How Pro-Choice Will Win at SCOTUS When Roe Gets Challenged (Hint: Not “Penumbras” or Viability)

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State legislators are passing laws restricting the right to abortion that are specifically designed to challenge Roe v. Wade, the 1973 Supreme Court decision that said that women have the right to make their own decisions about abortion until “viability” (the ability to sustain life outside the womb).

This Solomonic decision point was controversially grounded in a Constitutional right of privacy, a right not explicitly enumerated by the Founding Fathers, but, according to SCOTUS, implied in the “penumbras” and “emanations” of other constitutional protections. This right was first described in the 1965 case of Griswold v. Connecticut, overturning a state law that prohibited the sale of contraceptives.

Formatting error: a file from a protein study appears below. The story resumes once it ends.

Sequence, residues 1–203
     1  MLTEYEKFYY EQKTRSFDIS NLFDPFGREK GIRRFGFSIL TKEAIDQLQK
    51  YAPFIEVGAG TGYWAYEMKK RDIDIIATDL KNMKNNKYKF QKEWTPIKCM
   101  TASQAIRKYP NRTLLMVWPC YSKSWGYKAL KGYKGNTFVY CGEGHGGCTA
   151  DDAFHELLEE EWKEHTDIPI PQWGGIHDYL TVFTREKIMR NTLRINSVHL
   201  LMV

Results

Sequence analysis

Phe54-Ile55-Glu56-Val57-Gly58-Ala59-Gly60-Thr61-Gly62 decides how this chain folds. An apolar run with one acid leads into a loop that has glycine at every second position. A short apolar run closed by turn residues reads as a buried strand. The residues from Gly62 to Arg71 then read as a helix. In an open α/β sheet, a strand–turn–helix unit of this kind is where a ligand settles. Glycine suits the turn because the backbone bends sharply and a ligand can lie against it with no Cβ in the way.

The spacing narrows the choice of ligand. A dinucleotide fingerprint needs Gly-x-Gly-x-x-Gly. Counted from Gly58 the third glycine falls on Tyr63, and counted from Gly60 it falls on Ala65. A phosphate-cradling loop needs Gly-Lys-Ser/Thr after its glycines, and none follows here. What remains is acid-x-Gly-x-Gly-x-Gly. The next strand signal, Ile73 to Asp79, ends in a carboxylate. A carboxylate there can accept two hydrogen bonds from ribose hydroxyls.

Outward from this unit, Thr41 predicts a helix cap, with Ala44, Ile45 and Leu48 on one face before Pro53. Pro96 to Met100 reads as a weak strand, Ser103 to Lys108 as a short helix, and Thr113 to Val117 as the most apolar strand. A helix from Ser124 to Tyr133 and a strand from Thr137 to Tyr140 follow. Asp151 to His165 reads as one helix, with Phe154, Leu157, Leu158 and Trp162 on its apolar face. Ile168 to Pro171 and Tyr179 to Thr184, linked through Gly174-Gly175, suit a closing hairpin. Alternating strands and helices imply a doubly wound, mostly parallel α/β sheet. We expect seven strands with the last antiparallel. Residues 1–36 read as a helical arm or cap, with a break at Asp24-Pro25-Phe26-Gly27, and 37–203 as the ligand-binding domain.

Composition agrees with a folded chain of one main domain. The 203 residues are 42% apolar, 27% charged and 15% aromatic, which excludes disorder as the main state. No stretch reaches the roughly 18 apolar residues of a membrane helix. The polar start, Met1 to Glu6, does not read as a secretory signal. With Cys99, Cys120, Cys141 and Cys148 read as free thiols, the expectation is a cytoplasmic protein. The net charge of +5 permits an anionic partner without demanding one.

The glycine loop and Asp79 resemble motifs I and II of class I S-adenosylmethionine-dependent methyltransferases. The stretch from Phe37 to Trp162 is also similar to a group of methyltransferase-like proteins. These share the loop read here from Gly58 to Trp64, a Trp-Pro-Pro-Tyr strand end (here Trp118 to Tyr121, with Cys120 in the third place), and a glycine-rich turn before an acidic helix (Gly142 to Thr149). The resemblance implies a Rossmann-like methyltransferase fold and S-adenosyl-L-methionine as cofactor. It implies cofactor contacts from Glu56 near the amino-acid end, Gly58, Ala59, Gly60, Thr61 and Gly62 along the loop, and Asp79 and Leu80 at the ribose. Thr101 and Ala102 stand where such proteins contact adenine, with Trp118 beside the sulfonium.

Yes, Connecticut had a law making it illegal to buy birth control. Justice William O. Douglas said that the Bill of Rights protections guaranteeing the right of speech and the right to assemble and the right to be protected against unwarranted search and seizure imply that more intimate rights are protected as well. In Roe, SCOTUS balanced the right of the mother and the right of the future child by giving the states authority to restrict abortion after “viability,” which later led the first person to serve on the Supreme Court who actually knew what it was to be pregnant and give birth, Justice Sandra Day O’Connor, to say that the Roe decision “is clearly on a collision course with itself” as developments in medical technology made the viability point move closer to conception.

The new laws adopted by Georgia, Alabama, Missouri, Louisiana, Kentucky, Ohio, Arkansa, and Mississippi are not based on any determination of viability. They follow the adoption of “TRAP” laws (“targeted regulation of abortion providers”) in 24 states that attempt to reduce abortions by imposing restrictions on clinics that had no connection to making them safer or to any medical standards.